Fighting corruption with a Zero Rupee note

By | January 27, 2010

I just read this on the World Bank CommGap blog:

In India, petty corruption is pervasive – people often face situations where they are asked to pay bribes for public services that should be provided free. 5th Pillar distributes zero rupee notes in the hopes that ordinary Indians can use these notes as a means to protest demands for bribes by public officials.

It works this way: whenever some public servant demands a bribe before rendering service, they are given one of those notes as a form of protest. The origin of the idea?

According to Anand [president of 5th Pillar], the idea was first conceived by an Indian physics professor at the University of Maryland, who, in his travels around India, realized how widespread bribery was and wanted to do something about it. He came up with the idea of printing zero-denomination notes and handing them out to officials whenever he was asked for kickbacks as a way to show his resistance. Anand took this idea further: to print them en masse, widely publicize them, and give them out to the Indian people. He thought these notes would be a way to get people to show their disapproval of public service delivery dependent on bribes. The notes did just that. The first batch of 25,000 notes were met with such demand that 5th Pillar has ended up distributing one million zero-rupee notes to date since it began this initiative. Along the way, the organization has collected many stories from people using them to successfully resist engaging in bribery.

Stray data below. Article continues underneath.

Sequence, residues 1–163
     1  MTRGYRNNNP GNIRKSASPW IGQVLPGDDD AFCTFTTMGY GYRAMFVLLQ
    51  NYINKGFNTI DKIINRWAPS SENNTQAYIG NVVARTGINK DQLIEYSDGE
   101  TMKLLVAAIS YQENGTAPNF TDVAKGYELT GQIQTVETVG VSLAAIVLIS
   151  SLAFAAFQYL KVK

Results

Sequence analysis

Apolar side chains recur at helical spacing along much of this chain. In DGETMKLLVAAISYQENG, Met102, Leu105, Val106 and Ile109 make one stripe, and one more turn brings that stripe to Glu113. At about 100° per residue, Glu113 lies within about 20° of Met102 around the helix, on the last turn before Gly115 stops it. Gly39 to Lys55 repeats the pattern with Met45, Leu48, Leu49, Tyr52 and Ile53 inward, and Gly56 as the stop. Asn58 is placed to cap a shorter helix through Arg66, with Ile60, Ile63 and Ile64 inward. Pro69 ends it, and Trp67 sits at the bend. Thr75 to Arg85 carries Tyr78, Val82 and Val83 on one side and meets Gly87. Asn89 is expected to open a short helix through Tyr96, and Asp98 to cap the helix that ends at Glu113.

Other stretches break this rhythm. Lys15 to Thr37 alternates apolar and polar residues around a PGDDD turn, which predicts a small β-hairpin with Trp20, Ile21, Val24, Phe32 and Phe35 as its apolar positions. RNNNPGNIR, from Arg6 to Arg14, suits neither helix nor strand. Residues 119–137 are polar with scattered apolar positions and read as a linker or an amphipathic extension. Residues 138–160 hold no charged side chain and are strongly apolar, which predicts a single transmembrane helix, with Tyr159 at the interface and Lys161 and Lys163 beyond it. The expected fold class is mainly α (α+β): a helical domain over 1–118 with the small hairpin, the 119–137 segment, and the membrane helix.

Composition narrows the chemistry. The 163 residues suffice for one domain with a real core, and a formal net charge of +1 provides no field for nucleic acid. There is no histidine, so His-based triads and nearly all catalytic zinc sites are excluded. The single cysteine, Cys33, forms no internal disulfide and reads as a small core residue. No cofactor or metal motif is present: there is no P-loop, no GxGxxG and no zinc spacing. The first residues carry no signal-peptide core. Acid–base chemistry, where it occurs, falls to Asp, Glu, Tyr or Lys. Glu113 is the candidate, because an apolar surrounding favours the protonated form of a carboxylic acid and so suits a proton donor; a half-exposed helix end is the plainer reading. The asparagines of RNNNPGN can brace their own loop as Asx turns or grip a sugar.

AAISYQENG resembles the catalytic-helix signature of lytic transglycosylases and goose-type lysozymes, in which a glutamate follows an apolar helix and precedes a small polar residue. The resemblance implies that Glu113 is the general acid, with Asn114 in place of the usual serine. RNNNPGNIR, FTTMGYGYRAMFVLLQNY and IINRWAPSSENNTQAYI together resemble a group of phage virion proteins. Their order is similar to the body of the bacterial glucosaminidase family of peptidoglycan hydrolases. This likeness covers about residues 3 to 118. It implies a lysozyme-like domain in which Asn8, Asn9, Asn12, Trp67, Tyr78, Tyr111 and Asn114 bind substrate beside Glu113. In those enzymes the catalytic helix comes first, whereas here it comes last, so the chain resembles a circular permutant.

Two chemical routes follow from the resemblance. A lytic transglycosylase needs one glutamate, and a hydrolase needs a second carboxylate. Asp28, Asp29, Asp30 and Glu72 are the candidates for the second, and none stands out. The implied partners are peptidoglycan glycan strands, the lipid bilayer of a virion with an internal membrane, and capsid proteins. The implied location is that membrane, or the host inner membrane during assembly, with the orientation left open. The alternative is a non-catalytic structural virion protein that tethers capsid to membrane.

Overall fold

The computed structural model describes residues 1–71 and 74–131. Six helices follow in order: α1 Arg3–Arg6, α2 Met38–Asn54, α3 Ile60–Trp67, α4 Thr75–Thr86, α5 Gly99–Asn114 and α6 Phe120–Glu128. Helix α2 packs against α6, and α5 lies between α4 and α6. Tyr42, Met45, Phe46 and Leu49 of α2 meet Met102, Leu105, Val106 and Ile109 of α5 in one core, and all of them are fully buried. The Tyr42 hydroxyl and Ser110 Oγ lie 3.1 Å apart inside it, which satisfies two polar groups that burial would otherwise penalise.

As a loud form of protest, it has apparently worked. But as soon as the novelty of the idea wears off, and the shock of being presented with such a note is, well, no longer a shock, I suppose things will return to business as usual.

Read the whole post here.

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